Is it finally Napoli's time? So often the nearly men of Italian football in recent seasons, they have never had a better opportunity to emerge from the enormous shadow of Juventus.
We're into December now and Maurizio Sarri's Napoli team remain unbeaten in their opening 14 Serie A fixtures, winning 12 of them to establish a two-point lead over Inter Milan at the top and a four-point cushion over Juve.
What's more, they are playing some of the most attractive football seen in the city of Naples since the days of a certain Diego Maradona.
Napoli's players celebrate after their away victory over Udinese last weekend
Juventus celebrate during their 3-0 win over Crotone that kept them in the title picture
Napoli have the chance to establish a seven-point lead over title rivals Juventus with a win
NAPOLI vs JUVENTUS
Friday; kick-off 7.45pm
Live on BT Sport 2
Yet, we have very much been in this position before and that has created an inevitable sense of trepidation as Napoli prepare to meet Juventus under the Friday Night Lights of the Stadio San Paolo.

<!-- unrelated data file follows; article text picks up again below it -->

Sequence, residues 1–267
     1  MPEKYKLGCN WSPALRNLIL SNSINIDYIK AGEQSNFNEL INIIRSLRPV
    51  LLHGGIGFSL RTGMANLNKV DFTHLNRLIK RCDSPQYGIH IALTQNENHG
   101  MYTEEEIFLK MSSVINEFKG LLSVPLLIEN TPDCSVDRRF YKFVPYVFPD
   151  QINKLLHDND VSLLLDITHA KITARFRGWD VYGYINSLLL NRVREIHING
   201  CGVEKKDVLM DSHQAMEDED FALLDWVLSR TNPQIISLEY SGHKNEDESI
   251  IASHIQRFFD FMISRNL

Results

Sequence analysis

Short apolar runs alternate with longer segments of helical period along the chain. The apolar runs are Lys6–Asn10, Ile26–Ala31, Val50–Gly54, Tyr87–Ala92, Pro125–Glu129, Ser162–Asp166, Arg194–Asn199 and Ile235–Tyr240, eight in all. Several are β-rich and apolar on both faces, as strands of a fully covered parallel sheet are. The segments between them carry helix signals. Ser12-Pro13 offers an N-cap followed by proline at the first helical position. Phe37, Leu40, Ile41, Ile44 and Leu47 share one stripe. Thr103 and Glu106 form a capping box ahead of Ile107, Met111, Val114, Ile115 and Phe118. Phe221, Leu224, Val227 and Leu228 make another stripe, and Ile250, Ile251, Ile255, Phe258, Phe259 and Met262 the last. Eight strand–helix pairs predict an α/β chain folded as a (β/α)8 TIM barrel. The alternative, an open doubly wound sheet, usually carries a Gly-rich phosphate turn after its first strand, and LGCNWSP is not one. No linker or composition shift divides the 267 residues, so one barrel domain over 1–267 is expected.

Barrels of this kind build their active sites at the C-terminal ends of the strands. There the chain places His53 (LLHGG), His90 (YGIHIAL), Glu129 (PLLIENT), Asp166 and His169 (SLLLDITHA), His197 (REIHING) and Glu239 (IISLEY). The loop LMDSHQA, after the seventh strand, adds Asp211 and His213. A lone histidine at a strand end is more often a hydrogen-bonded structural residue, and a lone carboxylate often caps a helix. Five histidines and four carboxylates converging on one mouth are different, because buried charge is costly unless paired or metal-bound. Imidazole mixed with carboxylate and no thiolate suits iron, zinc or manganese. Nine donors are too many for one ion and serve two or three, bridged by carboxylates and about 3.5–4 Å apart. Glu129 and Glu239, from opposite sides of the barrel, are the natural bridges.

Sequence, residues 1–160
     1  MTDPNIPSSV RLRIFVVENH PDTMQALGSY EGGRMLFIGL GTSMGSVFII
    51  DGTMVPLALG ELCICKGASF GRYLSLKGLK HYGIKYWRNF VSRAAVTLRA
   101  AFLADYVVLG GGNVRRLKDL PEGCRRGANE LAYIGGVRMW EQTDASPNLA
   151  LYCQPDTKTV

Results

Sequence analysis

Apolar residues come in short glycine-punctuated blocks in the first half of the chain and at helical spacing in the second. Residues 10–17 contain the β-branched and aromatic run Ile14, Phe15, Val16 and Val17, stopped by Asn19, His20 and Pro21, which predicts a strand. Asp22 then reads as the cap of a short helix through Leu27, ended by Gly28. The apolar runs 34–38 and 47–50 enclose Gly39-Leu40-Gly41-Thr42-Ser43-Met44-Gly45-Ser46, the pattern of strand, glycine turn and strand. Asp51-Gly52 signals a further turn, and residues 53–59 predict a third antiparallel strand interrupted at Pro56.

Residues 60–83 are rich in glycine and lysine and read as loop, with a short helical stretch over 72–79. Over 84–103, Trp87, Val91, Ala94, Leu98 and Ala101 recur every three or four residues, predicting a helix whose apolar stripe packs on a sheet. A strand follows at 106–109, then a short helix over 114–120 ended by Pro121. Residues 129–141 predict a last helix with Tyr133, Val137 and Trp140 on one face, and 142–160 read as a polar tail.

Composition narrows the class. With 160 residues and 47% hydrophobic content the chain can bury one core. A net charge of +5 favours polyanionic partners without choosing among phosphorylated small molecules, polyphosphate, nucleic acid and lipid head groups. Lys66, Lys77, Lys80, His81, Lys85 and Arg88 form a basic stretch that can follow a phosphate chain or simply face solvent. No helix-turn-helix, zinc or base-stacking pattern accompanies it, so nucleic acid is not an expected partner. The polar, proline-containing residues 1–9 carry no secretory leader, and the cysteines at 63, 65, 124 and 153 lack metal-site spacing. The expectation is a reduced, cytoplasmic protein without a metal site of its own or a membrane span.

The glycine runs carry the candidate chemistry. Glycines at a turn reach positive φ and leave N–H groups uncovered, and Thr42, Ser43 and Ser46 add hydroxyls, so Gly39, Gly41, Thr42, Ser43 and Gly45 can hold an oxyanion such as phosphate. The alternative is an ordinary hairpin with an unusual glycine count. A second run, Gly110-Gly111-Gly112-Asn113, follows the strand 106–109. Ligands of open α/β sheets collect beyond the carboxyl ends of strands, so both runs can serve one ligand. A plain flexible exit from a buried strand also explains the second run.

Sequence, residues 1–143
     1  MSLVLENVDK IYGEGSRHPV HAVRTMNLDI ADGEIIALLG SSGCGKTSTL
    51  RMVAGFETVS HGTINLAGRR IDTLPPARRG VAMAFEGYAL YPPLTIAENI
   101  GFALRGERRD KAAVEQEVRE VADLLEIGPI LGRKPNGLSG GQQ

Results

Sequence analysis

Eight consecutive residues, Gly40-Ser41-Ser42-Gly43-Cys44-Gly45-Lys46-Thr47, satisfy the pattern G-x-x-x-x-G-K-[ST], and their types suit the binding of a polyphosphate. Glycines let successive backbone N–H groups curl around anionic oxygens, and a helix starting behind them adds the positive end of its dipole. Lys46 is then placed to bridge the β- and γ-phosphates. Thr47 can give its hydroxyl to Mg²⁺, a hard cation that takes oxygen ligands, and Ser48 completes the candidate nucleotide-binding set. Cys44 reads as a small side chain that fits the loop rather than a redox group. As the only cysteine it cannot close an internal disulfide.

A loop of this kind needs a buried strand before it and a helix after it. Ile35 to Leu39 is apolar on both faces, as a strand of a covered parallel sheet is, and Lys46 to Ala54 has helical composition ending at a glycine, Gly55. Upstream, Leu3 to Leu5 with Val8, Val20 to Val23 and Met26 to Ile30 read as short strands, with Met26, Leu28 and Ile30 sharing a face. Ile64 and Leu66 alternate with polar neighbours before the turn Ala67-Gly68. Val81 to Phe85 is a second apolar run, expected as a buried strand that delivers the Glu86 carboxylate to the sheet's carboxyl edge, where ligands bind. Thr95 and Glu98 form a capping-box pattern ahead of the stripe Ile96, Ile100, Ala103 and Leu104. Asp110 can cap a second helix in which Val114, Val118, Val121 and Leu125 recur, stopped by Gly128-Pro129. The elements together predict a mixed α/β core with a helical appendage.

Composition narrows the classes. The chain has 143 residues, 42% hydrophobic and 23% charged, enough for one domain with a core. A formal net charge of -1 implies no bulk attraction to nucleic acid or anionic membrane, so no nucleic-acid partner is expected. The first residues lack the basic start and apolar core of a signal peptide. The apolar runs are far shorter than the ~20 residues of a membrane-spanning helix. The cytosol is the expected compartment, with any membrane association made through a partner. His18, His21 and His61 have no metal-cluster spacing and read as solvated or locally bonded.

Take the 2015-16 season, for example, when Sarri's Napoli were crowned 'Winter Champions' and led the way deep into February.
That was until Juventus beat them 1-0 thanks to a late Simone Zaza goal in Turin and accelerated serenely to yet another Scudetto - by a nine-point margin - as Napoli broke down on the hard shoulder.
Last season, Napoli ended up five points behind Juventus - who claimed their sixth consecutive title - in an encouraging sign the gap might be narrowing.
Now, they have once again enjoyed a superb opening half to the campaign and have the upper hand on Juventus. But, as Sarri and everyone else of a Napoli persuasion knows all-too-well, it is about sustaining it until May.
Napoli have been getting closer to winning the Scudetto under manager Maurizio Sarri
Juventus coach Massimiliano Allegri is aiming to win a seventh consecutive Serie A title
We'll know a lot more about Napoli's staying power after Friday night's showdown. Taking aside the good form of rejuventated Inter - also unbeaten - a seven-point lead over Juventus at this stage would be hugely significant.
But allow Juve to win and cut the deficit to just one point and Napoli - who haven't won the Scudetto since 1990 - will just end up waiting for the inevitable overtake.
The narrative in the